America’s food waste is flat-out astonishing. According to a recent article over at AlterNet, Americans waste nearly $200 billion of food every single year. While the cost and environmental impact is alarming, it doesn’t even address the fact that we’re throwing away tons of food while many Americans are going hungry. By some estimates, 160 billion pounds of food are tossed out during harvest, processing, distribution and consumption. As food justice activist Alex V. Barnard explained, “By one calculation, Americans dispose of enough calories of edible food each year to bring the diets of every undernourished person in the world up to an appropriate level.” In other words, Americans waste enough food to end world hunger. And that means we waste all the labor and resources that went in to that food production. In 2008 alone, Americans wasted more than $4 billion worth of tomatoes, which coincides with almost 9 million hours or labor and 15 billion gallons of water. For the sake of workers, food producers and hungry people around the world, we simply must reduce the amount of food we waste.

Solving our obesity epidemic may require us to clean up our air. According to recent research published by, serious air pollution may increase our risk of obesity. To test their theory, scientists monitored rats who were exposed to unfiltered Beijing air, and compared them to rats exposed to cleaner air that is typical of US cities. On bad days, air in Beijing contains 10 times as many air pollutant particles as the World Health Organization determines are safe to consume. The rats exposed to high levels of air pollution gained more weight and overall were unhealthier than rats who breathed cleaner air. And as one scientist explained, “It is highly likely that this is happening in humans.” That means air pollution isn’t only bad for our respiratory health, it’s also bad news for our waistlines. And all that added weight increases our risk for various other illnesses, like cancer, diabetes and heart disease. We often focus only on diet when it comes to losing weight, but this study shows that our weight may be tied to many more factors in our environment.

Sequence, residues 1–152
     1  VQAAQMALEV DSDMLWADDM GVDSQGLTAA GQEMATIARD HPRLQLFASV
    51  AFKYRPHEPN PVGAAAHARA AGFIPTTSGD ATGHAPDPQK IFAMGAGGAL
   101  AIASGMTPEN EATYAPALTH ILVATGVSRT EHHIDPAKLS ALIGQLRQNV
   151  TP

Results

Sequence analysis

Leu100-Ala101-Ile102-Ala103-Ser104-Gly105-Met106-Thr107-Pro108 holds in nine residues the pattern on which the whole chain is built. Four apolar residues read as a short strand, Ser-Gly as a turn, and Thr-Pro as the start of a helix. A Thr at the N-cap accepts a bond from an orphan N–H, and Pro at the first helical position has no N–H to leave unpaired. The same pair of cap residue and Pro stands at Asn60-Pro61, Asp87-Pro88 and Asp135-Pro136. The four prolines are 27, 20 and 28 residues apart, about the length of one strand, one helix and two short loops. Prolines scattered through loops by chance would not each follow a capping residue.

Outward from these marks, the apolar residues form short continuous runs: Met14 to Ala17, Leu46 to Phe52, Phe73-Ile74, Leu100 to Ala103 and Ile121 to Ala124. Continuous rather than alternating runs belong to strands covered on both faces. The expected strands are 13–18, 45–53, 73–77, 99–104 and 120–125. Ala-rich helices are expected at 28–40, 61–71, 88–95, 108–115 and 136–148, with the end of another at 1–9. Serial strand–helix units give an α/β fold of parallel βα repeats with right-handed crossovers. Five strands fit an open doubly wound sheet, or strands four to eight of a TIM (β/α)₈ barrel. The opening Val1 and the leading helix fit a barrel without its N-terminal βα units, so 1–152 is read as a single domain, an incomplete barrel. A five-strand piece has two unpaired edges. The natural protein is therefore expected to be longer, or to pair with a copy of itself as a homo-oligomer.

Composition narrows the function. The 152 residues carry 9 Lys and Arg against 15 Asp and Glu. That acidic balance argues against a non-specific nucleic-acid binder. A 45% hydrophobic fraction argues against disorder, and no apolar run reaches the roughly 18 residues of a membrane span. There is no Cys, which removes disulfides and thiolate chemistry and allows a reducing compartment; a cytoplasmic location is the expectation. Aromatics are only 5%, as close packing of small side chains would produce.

And finally … If you want to get healthier, be more generous. According to research recently published by the World Economic Forum, spending time or money to help others may lead to lower blood pressure levels and prevent against other declines in our health. The authors of that recent article did clarify that the studies they reviewed could not prove that being generous caused better health, but they found multiple research projects that found a strong correlation between generosity and reduced stress levels. Interestingly, who you decide to help may impact how much you reduce stress or benefit your health. The authors wrote, “People seemed to benefit most from spending money on others they felt closest to.” In other words, helping those who mean the most to us may actually help us the most. Regardless of the science, most of us could stand to be a little more generous with our time, and perhaps the 1% could be a lot more generous with all that wealth.

And that’s the way it is for the week of May 2, 2016. I’m Thom Hartmann on Science and Green News.